What to Expect During a STEM OPT Site Visit – A Firsthand Look by Reddy & Neumann Attorneys

The Department of Homeland Security has been ramping up employer STEM OPT site visits over the last year. The purpose of the STEM OPT site visit is to ensure that STEM OPT program requirements are being met, including that the employer possesses and maintains the ability and resources to provide structured and guided work-based learning experiences consistent with the student’s I–983, Training Plan.

All employers who receive a Notice of Site Visit (NSV) should understand the purpose of the visit and be prepared to answer questions regarding the company’s implementation of the STEM OPT training program. The F-1 student(s) listed in the NSV should also be prepared to answer questions regarding their practical training experience with the company.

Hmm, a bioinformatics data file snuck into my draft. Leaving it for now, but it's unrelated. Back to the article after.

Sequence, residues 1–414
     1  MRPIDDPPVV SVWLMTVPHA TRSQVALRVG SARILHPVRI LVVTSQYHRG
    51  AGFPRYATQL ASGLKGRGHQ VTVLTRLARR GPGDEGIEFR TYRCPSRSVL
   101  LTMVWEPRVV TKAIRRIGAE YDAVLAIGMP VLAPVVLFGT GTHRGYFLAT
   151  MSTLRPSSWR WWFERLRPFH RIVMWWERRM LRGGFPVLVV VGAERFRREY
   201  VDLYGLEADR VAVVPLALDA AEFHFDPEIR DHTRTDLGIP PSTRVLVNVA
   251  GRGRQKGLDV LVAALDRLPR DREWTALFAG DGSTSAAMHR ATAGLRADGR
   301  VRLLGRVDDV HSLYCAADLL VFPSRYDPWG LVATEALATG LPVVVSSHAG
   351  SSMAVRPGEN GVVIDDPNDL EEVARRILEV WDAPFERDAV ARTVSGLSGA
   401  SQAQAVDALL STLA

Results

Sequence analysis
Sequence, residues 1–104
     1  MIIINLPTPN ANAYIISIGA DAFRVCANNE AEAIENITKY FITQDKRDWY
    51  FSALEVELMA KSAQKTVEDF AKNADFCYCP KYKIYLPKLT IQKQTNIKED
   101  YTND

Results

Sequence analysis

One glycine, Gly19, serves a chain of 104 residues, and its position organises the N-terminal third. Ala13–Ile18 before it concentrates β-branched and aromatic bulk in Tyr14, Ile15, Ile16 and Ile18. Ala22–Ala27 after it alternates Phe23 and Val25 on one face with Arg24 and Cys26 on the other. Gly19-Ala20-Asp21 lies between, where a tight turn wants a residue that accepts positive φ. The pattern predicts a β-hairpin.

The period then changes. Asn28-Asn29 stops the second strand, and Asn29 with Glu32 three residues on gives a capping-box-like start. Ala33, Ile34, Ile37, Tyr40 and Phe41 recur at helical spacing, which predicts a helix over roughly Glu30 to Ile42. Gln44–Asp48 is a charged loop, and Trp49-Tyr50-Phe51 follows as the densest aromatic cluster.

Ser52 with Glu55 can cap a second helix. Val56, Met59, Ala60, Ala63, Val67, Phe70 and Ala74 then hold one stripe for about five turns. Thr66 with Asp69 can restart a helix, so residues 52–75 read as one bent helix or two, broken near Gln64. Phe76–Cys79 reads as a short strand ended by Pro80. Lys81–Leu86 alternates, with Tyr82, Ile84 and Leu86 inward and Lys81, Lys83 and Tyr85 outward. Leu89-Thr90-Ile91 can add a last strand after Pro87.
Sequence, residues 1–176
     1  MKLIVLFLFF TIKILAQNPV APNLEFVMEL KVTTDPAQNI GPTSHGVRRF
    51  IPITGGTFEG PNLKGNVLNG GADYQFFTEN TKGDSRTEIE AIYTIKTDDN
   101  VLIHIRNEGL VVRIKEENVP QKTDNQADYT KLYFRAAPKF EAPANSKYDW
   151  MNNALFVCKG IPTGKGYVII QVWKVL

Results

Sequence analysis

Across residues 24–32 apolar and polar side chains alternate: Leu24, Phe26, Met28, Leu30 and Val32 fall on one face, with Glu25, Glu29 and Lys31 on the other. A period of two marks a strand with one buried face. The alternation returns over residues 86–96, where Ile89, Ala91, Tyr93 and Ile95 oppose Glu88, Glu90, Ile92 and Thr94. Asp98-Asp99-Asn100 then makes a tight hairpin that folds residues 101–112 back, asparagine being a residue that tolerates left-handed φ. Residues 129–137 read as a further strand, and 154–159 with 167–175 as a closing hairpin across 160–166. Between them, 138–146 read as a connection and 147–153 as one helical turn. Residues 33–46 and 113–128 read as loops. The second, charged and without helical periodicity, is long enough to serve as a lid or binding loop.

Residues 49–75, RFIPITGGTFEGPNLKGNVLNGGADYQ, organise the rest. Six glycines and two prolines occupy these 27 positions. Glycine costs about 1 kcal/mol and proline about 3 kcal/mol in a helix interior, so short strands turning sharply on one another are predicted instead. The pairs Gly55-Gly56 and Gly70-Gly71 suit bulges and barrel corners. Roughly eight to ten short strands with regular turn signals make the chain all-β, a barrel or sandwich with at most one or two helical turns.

Our Reddy & Neumann attorneys Krystal Alanis and Kristina Hernandez attended a STEM OPT site visit just last week and offer a firsthand look into the process.

STEM OPT Site Visit

STEM OPT site visits are conducted by U.S. Immigration and Customs Enforcement (ICE). Three officers were assigned to this particular site visit. Each officer identified themselves and displayed their badge. It was made clear that the visit was routine and that the student listed on the NSV was randomly selected.

As anticipated, the officers directed questions at both the employer and the STEM OPT student. The questioning lasted approximately 30 minutes (this time will vary depending on how may STEM OPT students are selected for the investigation). Thereafter, the officers requested to see the student’s workspace. At the conclusion of the investigation, the officers provided the employer with their business card.

Questions Asked

Employer: 

  1. DHS verified whether the employer has sufficient resources and supervisory personnel to run the STEM OPT training program:
    • How do you oversee and supervise the student(s) listed on the Notice of Site Visit?
    • How often do you check in with the student to determine his or her progress?